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Prepare for impact: how can the UK remain ahead?

08 Nov 2016

Former BBSRC CEO and current CEO of BenevolentBio, Professor Jackie Hunter, offers a personal perspective on the areas the UK needs to focus on to remain a world leader in science in the future.

Science and engineering will have a huge impact on society and the economy over the next three decades – technology is changing so much that even predicting what the impacts will be over the next five to 10 years is difficult. The pervasive and rapid impact of mobile technology in diverse areas such as health care and farming is something few people recognised and the future impact of artificial intelligence, the Internet of Things and autonomous vehicles will be just as quick and prevalent.

In order to ensure that the UK not only continues to be a world leader in scientific research but also in its application to benefit society, there are three areas that government should focus on.

Firstly, people. Without the right human capital, the UK will not remain competitive in science and engineering. This needs to be joined up across the educational spectrum; from teaching curricula in schools that inspire and enthuse, to having access to relevant university graduate and post-graduate courses. There then needs to be the appropriate career structures in both academia, public institutions and industry, to ensure that graduates and post graduates in STEM subjects see the benefits of training for both themselves and society. Lastly, we need to have access to the best talent from all over the world – immigration policy, especially post-Brexit, must take this into account.

Secondly, infrastructure. Science and engineering are expensive subjects to teach at any level and educational institutions need to be financed in a way that enables the teaching of STEM subjects to be sustainable. Likewise, researchers in academic institutions need to have access to the best facilities, both in the UK and abroad. Policies and funding must be flexible to allow this access. In addition, incentivising collaboration with industry is also important but needs to be done in a way that makes the UK an attractive place for industry investment compared to other countries.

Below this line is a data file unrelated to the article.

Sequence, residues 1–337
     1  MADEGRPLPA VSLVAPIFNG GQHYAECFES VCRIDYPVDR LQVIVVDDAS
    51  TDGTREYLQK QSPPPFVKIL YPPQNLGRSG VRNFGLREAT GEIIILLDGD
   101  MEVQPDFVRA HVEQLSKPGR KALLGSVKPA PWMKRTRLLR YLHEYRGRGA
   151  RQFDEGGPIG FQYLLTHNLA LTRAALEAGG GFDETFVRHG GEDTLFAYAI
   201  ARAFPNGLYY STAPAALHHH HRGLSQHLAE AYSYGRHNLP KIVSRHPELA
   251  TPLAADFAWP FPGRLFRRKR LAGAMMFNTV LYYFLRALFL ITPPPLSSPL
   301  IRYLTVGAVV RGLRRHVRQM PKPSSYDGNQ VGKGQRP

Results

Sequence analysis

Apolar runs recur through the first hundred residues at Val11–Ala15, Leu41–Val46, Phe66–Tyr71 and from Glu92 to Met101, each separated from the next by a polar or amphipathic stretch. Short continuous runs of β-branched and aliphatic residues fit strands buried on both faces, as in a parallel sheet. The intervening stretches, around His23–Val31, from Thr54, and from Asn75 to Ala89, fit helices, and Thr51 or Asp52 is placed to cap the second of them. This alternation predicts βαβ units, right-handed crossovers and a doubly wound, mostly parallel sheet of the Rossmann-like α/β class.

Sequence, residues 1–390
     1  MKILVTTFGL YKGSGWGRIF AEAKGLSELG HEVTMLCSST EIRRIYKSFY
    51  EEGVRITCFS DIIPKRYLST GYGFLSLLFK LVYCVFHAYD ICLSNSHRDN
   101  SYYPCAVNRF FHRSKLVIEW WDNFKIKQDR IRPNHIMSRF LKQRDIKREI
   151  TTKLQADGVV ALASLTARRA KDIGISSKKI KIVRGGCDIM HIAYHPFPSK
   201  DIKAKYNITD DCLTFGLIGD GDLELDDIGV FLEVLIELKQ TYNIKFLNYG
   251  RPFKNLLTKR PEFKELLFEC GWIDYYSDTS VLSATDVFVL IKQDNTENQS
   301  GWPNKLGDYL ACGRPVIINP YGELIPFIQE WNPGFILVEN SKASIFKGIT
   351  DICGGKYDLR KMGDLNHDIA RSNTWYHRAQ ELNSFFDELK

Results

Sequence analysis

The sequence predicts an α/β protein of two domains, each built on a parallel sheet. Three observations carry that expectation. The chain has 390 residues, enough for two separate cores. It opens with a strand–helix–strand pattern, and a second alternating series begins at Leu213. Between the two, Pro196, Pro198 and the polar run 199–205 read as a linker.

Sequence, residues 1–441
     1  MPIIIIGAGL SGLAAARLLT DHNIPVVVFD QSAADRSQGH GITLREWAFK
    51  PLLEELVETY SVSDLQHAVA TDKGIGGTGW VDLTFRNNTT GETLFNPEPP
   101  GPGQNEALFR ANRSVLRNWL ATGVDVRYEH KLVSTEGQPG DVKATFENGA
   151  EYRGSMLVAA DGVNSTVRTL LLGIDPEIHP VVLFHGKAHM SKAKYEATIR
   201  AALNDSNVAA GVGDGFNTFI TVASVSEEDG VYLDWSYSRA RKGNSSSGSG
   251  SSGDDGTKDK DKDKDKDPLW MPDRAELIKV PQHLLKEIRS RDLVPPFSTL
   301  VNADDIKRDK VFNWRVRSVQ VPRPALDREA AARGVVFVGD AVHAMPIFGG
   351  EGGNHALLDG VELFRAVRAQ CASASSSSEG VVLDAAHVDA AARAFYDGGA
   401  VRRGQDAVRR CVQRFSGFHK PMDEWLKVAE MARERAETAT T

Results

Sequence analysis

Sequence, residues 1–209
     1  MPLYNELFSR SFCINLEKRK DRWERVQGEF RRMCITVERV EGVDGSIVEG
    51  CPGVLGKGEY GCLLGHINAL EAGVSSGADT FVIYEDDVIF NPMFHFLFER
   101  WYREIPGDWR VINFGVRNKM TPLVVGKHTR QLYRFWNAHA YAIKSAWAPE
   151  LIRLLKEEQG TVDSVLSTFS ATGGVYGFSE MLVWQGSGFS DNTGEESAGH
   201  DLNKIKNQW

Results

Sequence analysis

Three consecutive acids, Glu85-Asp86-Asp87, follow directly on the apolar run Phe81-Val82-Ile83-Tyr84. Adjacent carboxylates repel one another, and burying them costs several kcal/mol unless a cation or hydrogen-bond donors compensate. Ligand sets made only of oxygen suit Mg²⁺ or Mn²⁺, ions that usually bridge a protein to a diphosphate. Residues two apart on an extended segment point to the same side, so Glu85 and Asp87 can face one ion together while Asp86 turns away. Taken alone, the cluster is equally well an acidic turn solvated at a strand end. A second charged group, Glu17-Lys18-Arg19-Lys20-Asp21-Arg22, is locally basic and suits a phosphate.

Finally, independence and inter-disciplinarity of STEM research funding. It is critically important that the UK retains a commitment to funding basic research. As Sir John Cadogan’s report for The Learned Society of Wales pointed out, blue-skies research underpins later success in applied research and innovation and gives numerous examples of the unpredictable down-stream impact of such research.

It is also urgent that, as highlighted by Sir Paul Nurse in his review of the Research Councils, the UK improves the way it funds research that cuts across discipline boundaries. In particular, it will be crucial to ensure sufficient funding is allocated to guarantee the social aspects of new technology development, and its implementation, are studied in parallel with the development of the technology. It is critical that whist the new UKRI funding body can achieve greater alignment across research areas and better inter-disciplinary funding, it must also be independent of government to allow funding of very basic, non-policy driven ideas. This independence would be best achieved by ensuring it has a Royal Charter, which is not currently planned in the Higher Education and Research Bill.

Government has a pivotal role in shaping the STEM landscape in the UK and ensuring we both continue to be strong in key areas where strength already exists, and have the ability to develop capacity and capabilities in new areas. In doing so it can shape the benefits that this can bring to society.

I am commenting from the perspective of someone who has worked in industry and academia, a former Chief Executive of a research council and a present and past governor of two universities but the views expressed here however, are my own.  

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